"Why I chose to stand up, alone." Boniface Mwangi

TED Fellow Boniface Mwangi on risking his life for justice, and good governance in his beloved-and mother country of Kenya. 

This post is re-posted from TED Fellows blog about Boniface Mwangi, a Kenyan Photojournalist turned activist in the service of his country. The story chronicles how this young man, call him "David" fighting the "Goliath" of Kenya's corrupt, and vicious politicians whose actions led to the the 2007 election violence.  Mwangi pictured, did not mince words, or standing up.  He was beaten severely, and jailed several times for his actions and his court cases were dragged on and on.  You can read an excerpt from his interview below and follow the link to his courageous story of sacrificing for his country and the future generations of Kenyans.

"How did you carry on after that day?

The sad thing is that the following day, my wife lost the baby. She had a miscarriage. It wasn’t related to my beating, it was just a complication. It was not easy on me at all. You can never explain what it feels like to lose a baby. You can’t even describe the pain that you go through, though I know for sure that it affected my wife more. But I carried on, trying to survive as a photographer. I shot boring assignments like models and weddings.

It was during this period that my journey as an activist began. I thought, “What now?” And the idea of Picha Mtaani, a street exhibition of my photographs of the post-election violence, was born. One of the reasons the violence had gone unpunished was that many Kenyans had not seen it happening. So with Picha Mtaani I would display my photographs of election violence in public spaces, and tour all over the country so that Kenyan people could see it for themselves.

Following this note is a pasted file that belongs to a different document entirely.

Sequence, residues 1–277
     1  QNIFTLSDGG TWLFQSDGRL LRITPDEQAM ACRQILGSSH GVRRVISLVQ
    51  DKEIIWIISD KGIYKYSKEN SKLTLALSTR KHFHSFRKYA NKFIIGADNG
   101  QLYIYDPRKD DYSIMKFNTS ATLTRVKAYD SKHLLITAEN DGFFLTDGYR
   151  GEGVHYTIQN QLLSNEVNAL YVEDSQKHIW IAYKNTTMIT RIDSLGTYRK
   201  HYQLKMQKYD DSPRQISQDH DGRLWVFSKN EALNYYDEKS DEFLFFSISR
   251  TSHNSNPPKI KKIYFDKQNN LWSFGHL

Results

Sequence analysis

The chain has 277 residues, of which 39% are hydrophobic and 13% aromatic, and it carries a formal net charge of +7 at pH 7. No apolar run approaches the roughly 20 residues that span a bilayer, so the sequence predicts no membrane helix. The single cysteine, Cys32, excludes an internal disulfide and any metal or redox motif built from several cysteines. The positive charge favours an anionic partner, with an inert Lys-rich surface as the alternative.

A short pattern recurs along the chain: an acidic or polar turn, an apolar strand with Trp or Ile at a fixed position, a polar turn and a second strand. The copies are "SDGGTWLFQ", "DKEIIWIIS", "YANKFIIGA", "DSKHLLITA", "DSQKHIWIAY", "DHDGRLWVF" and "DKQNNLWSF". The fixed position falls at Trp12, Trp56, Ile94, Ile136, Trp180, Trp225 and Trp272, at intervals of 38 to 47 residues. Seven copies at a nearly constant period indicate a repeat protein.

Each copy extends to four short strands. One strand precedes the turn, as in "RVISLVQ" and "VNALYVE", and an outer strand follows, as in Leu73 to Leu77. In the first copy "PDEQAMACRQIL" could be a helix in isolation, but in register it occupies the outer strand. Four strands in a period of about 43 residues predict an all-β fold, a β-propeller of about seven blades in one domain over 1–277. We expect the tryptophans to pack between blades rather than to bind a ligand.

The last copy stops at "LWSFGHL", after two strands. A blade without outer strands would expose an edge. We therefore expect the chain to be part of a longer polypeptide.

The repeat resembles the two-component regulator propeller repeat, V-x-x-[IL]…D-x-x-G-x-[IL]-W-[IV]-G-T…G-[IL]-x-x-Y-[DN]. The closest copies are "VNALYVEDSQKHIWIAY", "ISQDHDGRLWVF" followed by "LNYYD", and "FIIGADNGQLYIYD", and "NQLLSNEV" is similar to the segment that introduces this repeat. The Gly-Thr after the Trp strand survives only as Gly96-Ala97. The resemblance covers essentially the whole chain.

What was the response?

It was good. People loved it. But in certain places the government denied us approval to hold exhibitions. In other places, politicians hired people to come and demolish the exhibitions. Consequently we had violent disruptions, temporary arrests, pictures being impounded by the police. It was an interesting and fun journey, though. We traveled the country, and preached peace.

Along the way I realized, “We’re talking about peace, but do Kenyans really know how they should vote?” So I have now moved away from preaching peace and turning more to political activism."

I believe that if Uganda is to see a better form of democracy that renders social upliftment for all our people, not just the wealthy and connected,  we the youth of #Uganda and today's leaders and champions of our own fate, had better learn to get inspiration from our fellow Africans such as Mwangi and work hand in hand with them to bring about social change in our corrupt, and dysfunctional political, education, health and economic systems. The Nelson Mandela's of our time will not come  with guns and machetes, or police intimidation, they ordinary people daring to live extraordinary lives such as Mr. Mwangi.

The words of Dr. & Rev. Martin Luther King Jr,  the Civil Rights Leader and Social Justice Activist should always resonate with us to remind us of this.  If our generation of Africans is ever going to see better opportunities for all our brothers and sisters of all colours, creed, geographical, economic and social backgrounds, we had better remember these words. 

"In the End, we will remember not the words of our enemies, but the silence of our friends." Dr. & Rev. Martin Luther King Jr.